In 1968, the concept of fear received a new recruit. A low budget film by a seemingly unknown director was shown across the world. You have undoubtedly already realized that the movie I am speaking of is none other than Night of the Living Dead, directed by his Holiness, George A. Romero. This film unleashed an evil upon the world that had never been thought of before. Although his idea was loosely based off the Voodoo Zombies, his re-invention of the Zombie (for the purpose of this line of articles, I will refer to the modern day concept of the zombie as the Romero Zombie) pushed us far past our level of comfort. A being that has died due to one reason or another and has come back from the dead as a soulless, unyielding demon that has only one goal, to feed on human flesh. It cannot be reasoned with. It is difficult to kill. It feels no pain, no remorse and no mercy. And the most terrifying of all, If you die, you will be sentenced to join their shuffling undead masses, swelling their ranks.
What was seen to be a flop or at the very least a B movie that would be ignored by the worlds youth and they made out in the seat of their cars in drive-ins around the globe has instead created a cult following of this idea and has influenced our culture to an unimaginable degree and this trend sees no end in sight. Since the creation of the Romero Zombie, countless numbers of films have popped up all over the globe portraying the horrors of a world being devoured by the dead. The lore of the Zombie has evolved over the years, with explanation of the cause being space radiation, nuclear waste, biological engineering, viruses and really, REALLY pissed off monkeys. But one thing has remained certain, the bite of a Zombie is a death sentence, one with no appeals, no remedies and no last minute cures.
A poor lost soul
The Romero Zombie can be described as this. It is the reanimated corpse of a once living individual that has succumbed to the virus which has changed the laws of life. From being a person capable of reason, the person has been transformed into a almost unstoppable force, whoís physiology alone makes them the top of the food chain. Having no need for sleep, air, shelter, or anything that was once a necessity in itís life, it is a creature with plenty of reason to fear. Itís sole motivation is to feed on the living, a instinct that cannot be supplemented in any other way. Once it sees a living human, it will pursue them to the ends of the earth, wanting only to sink itís teeth into our warm, living flesh.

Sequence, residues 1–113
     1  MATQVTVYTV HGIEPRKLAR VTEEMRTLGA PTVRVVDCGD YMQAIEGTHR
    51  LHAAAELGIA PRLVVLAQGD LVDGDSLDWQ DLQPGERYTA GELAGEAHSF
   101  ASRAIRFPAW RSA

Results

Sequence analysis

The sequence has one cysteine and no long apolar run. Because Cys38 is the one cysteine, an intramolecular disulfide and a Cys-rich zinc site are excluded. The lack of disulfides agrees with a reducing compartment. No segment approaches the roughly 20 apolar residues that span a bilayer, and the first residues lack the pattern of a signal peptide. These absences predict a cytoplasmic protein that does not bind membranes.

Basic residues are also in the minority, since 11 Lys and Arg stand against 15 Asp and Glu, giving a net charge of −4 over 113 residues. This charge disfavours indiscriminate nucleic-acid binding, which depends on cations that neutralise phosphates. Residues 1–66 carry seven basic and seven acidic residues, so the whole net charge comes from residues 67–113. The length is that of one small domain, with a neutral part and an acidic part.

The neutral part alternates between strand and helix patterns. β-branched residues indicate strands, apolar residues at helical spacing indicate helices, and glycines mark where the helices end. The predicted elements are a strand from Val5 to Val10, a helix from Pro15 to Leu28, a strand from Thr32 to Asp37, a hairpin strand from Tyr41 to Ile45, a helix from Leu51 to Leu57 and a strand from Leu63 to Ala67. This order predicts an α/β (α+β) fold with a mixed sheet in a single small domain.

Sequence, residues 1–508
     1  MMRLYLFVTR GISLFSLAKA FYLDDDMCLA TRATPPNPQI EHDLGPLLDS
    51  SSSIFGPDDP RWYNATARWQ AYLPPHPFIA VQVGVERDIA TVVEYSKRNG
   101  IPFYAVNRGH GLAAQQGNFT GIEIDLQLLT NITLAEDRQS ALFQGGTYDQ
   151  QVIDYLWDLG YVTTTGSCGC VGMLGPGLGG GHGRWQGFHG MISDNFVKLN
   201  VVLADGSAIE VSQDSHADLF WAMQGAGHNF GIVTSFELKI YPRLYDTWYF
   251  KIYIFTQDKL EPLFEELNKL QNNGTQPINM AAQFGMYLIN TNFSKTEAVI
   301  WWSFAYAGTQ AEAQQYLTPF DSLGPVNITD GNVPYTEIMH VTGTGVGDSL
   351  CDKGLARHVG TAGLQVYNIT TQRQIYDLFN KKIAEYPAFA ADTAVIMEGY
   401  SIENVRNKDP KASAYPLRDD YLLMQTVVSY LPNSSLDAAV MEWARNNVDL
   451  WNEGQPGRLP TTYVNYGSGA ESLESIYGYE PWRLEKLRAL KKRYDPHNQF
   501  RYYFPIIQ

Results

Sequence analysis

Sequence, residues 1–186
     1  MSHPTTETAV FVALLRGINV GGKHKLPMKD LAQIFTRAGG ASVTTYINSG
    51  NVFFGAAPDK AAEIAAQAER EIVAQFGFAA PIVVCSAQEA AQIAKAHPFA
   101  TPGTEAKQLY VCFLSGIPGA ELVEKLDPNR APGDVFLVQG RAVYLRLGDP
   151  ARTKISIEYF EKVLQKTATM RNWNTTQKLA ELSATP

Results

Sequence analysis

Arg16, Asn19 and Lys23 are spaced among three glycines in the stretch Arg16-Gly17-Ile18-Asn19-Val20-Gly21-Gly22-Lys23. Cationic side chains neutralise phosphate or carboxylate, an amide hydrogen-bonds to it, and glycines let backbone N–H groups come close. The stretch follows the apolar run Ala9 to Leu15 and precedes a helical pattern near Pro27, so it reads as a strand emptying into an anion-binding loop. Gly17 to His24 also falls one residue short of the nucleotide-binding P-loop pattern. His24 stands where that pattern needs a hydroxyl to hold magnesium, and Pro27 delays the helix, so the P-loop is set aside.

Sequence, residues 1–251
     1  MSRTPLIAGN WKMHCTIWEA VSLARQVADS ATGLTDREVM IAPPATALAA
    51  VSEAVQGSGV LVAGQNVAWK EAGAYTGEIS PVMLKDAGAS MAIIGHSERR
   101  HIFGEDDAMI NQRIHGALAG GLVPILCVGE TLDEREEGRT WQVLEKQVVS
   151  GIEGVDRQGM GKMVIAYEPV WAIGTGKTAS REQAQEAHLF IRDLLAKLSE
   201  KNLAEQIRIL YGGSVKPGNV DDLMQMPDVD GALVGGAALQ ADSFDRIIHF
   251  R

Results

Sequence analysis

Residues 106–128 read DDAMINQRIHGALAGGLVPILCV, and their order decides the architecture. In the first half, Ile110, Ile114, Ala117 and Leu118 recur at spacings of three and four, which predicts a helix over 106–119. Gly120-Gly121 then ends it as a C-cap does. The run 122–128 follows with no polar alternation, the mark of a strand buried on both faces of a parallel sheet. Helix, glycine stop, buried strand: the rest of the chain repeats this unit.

However, it does have one weakness. As we human cannot live without our brain, the undead cannot exist without theirs either. That, is our only way to survive. By destroying the brain in one way or another, we extinguish the threat that has harassed us. The running theory of the Romero Zombie is that, however the cause of itís creation, the Brain must still be intact to give the creature movement. Unfortunately, their brain differs greatly from ours. It doesnít need a flow of oxygen for it to function and most of itís functions have ceased. The ability to reason and form cognitive memories is non-existent and other than the nervous systems control over the body, the pain receptors no longer carry that information to the brain. That means that the body, the most well engineered machine on the planet has no limitations. The body no longer feels pain, fatigue, exhaustion or need to let the body recuperate.
With this knowledge we are lead to only one conclusion. If we are to kill the thing, we gotta blow itís fucking brains out before it eats ours.